---------------------------------------------------

   2 - access("T3"."RELATED_S_ID"=TO_NUMBER(:V0))

The reason why there is only one table mentioned in the query plan is that the optimizer first converted the outer join into a join (and then eliminated two tables from the query using the join elimination technique.) Tom explains:

Whenever you see a construct such as

AND T2.s_id = T3.s_id (+) AND T3.related_s_id = TO_NUMBER(:v0);

you should know automatically that it can (and should!) be coded as follows:

AND T2.s_id = T3.s_id AND T3.related_s_id = TO_NUMBER(:v0);

The reason is quite simple: if the outer join from T2 to T3 were necessary and you in fact made up a row in T3 to join to T2 (that is what an outer join does if there is no matching data in T3 for T2), T3.related_s_id would be NULL, as would all the attributes of T3 for that record. And because NULL is never equal to anything, you know that the last bit of the predicate could never be true. Therefore, the outer join is not needed and the only thing it does by being there is make the coder look bad!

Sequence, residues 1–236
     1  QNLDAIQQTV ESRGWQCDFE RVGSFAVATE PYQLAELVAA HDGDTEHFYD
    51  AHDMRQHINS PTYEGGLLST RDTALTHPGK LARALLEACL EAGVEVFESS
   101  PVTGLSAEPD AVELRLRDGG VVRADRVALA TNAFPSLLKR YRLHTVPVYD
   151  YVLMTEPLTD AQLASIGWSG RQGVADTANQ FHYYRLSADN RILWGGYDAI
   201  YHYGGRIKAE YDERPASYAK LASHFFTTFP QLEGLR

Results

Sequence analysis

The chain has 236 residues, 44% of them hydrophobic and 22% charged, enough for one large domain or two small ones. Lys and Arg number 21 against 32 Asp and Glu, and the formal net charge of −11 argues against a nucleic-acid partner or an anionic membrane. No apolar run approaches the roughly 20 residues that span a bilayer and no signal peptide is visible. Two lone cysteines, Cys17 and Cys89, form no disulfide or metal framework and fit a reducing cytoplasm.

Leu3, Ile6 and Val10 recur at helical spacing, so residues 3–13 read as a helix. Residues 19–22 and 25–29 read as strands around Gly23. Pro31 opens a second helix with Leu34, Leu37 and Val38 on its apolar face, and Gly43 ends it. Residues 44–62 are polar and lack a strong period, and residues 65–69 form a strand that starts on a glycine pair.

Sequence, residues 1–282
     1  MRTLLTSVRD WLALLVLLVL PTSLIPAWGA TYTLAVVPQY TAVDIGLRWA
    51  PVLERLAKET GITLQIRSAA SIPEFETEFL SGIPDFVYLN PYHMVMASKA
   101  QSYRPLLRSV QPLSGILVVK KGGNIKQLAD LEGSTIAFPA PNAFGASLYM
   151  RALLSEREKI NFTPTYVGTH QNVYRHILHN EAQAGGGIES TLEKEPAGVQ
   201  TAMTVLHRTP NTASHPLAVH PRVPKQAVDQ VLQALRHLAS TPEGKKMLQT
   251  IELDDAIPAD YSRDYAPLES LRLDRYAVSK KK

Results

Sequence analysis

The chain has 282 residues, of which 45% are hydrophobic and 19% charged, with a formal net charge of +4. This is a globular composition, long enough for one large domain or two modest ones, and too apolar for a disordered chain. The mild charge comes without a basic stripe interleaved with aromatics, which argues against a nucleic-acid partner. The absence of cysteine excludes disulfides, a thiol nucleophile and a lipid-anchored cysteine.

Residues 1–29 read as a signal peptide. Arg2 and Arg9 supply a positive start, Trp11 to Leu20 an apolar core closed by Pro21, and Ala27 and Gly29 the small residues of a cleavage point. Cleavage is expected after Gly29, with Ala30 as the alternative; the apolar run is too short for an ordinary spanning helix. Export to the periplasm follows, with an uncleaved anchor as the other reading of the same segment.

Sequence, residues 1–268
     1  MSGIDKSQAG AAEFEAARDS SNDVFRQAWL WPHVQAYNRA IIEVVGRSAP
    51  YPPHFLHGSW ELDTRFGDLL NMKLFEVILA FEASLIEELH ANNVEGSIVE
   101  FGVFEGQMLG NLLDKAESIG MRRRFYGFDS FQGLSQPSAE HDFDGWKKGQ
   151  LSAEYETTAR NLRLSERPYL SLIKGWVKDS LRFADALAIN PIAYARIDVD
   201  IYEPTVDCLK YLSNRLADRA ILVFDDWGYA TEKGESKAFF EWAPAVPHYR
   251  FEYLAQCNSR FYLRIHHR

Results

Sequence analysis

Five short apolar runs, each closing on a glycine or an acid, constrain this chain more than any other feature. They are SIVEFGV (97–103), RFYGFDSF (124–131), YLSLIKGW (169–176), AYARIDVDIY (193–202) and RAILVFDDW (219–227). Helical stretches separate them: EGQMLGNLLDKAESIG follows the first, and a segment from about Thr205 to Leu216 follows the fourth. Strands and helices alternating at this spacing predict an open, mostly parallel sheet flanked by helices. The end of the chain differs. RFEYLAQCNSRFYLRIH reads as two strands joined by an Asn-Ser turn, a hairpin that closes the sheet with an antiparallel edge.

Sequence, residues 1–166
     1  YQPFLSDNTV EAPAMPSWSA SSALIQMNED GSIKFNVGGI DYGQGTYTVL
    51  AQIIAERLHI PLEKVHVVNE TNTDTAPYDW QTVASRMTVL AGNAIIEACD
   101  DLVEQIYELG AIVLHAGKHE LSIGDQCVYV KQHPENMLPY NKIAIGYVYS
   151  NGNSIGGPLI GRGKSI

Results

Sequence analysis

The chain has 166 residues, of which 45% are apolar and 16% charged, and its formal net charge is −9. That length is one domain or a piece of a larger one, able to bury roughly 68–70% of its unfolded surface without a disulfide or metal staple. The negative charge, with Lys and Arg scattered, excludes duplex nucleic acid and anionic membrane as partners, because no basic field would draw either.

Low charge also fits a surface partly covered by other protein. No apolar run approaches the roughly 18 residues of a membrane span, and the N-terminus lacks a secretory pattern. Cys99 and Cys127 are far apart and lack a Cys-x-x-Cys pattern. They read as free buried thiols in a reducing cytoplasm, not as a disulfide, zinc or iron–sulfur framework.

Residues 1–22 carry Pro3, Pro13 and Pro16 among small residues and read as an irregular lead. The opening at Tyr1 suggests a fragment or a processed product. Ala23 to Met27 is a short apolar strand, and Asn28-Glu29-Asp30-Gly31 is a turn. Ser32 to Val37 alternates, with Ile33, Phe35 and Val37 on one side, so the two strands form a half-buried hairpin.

Fortunately, however, the cost-based optimizer is generally smart enough to figure that out itself and will have already removed the outer join.

However, it is possible that the developer made the common “Join to a Constant” error described in the article on outer joins by Kevin Meade, the other common errors being the “Half Baked Multi-Column Join” and the “Incomplete Join Trail.” The SQL Reference manual warns that “if A and B are joined by multiple join conditions, then you must use the (+) operator in all of these conditions. If you do not, then Oracle Database will return only the rows resulting from a simple join, but without a warning or error to advise you that you do not have the results of an outer join.”